Makes 10–20 balls
Well it’s that time of year and the oranges and lemons are all around us (hoorah)! I think there are two kinds of people. Those that are always avoiding paying ludicrous supermarket lemon prices (and constantly posting on social media asking for peoples leftover oranges and lemons). Then there are those that have overflowing trees, desperate to get rid of them before the birds eat them. If only they all lived next door to each other. So whether you are one of the other, here are a few citrus inspired recipes to get you through the Winter season.
Orange Blossom Truffles
These are somewhat a cross between a ganache-like truffle and a bliss ball. They kind of feel healthy but decadent too.
75g dried stoned dates
75g dried stoned prunes
75g dried apricots
2 tablespoons orange blossom water
1 teaspoon ground cinnamon
zest of 1 orange
pinch of sea salt
100g good-quality dark chocolate (at least 70 per cent cocoa solids)
25g butter, diced
125g ground almonds
For decoration: Zested orange and lemon, mock orange flowers, coconut, raw caco or petal powders (optional)
Citrus all-round Cleaning Spray Makes 500ml
This will clean and sterilise all surfaces – kitchen and bathroom – and leave everything smelling delicious.
Enough peel from a citrus fruit to fill a 500ml jar (any citrus works)
200ml white or apple cider vinegar
Small glass jar
Spray bottle (500ml)
Mix one part citronello with four parts soda or ginger beer, a handful of your cocktail garden herbs and some citrus peels thinly sliced with the pith removed.
This is my version of limoncello and a great way to use up the citrus glut. You can mix and match the citrus anyway you please.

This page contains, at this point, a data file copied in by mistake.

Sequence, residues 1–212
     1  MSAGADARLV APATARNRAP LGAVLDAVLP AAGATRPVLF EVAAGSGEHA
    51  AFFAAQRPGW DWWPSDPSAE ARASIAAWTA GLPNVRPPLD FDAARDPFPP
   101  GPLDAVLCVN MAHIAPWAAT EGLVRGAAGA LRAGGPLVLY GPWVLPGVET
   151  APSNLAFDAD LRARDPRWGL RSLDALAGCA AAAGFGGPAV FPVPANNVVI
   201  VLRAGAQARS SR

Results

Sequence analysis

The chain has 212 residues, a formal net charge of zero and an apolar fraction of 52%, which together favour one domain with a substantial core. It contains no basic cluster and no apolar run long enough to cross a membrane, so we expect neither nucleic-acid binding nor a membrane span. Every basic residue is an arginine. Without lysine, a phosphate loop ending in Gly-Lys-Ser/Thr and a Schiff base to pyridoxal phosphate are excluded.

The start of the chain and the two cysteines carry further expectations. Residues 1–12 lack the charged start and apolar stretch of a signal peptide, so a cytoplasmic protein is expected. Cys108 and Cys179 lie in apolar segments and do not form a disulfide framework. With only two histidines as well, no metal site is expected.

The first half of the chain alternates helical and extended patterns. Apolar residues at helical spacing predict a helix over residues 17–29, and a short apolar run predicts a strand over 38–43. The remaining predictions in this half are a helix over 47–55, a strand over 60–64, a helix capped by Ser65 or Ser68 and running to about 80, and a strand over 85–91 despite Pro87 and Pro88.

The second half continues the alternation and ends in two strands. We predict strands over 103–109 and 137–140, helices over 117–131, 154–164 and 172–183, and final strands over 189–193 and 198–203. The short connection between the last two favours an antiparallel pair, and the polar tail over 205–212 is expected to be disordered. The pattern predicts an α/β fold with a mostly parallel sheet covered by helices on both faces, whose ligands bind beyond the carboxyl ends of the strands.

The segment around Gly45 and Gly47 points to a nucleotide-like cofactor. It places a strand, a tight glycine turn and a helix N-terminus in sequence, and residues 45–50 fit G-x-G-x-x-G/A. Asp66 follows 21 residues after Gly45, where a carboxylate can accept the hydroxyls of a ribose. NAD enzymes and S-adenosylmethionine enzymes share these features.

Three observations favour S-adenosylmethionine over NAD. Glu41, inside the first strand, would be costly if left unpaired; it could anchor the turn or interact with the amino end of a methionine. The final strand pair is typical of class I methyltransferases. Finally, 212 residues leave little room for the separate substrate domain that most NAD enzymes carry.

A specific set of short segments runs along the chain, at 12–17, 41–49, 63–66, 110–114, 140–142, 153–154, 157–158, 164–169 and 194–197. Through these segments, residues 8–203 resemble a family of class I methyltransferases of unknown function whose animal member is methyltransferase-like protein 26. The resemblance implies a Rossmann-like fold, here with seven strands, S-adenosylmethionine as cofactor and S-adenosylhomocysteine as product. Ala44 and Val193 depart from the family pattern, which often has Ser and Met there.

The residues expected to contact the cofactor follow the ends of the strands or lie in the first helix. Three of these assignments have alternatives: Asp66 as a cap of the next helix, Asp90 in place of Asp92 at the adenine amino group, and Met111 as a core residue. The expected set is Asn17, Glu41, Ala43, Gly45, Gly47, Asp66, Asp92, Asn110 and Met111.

1L bottle vodka
2 pink grapefruit
1L boiling water
Orange Blossom Truffles
Roughly chop the dates, prunes and apricots and tip into a bowl. Cover them with warm water, then cover with a tea-towel and leave to soak for 2 hours.
Drain the soaked fruit and then add to a food-processor with the orange blossom water, cinnamon, orange zest and sea salt. Pulse, stopping to stir everything every now and then, until you have a smooth paste.
Break the chocolate into pieces and melt with the butter in a heatproof bowl over a saucepan of barely simmering water (or in a double boiler).
Take the melted chocolate mix off the heat. Add the fruit mixture and ground almonds and stir well. Chill in the fridge for 1 hour.
Line a baking tray with baking paper. Spoon the decorative powders onto a plate. Scoop a heaped teaspoonful of the chocolate truffle mixture and roll it into a ball, then roll in the powders. Place each coated truffle on the lined baking tray. Repeat until you’ve used up all the truffle mixture.
Refrigerate the truffles for a few hours to firm them up. Transfer to an airtight container, separating the layers with baking paper. They will keep for a few days in the fridge.
Citrus all-round Cleaning Spray (above, at left)
Tightly pack the citrus peel into a glass jar and cover with white vinegar. Put the lid on, and let sit for 2–4 weeks. Strain the vinegar into a spray bottle and top up with an equal amount of water. Spray directly onto surfaces and wipe with a damp cloth. This should last you up to a year.
Citronello Spritz (above, at right)
Peel the citrus into long strips of about 1cm wide. Remove any pith, this will make the cello bitter. Divide the citrus into a few large sterilised jars. Cover evenly with the vodka and leave for a week in a cool dark place shaking them a few times each day.
After a week, out the sugar into a heatproof bowl and pour over the boiling water, stirring until it is fully dissolved. Pour evenly into the citrus jars and cover with lid, shake and leave again for another week in the same place, remembering to shake a few times a day.
After this week, strain into decorative bottles and add a few strips of fresh citrus as garnish. Cello is best left to mature for a few months before drinking and will keep indefinitely.
Quick cleaning tip: Sprinkle your chopping boards with salt and use a half lemon (flesh side down to scrub) squeezing the juice as you go. Rinse and leave in the sunshine to dry as sunshine is a natural anti-bac boost.
Recipe: Rebecca Sullivan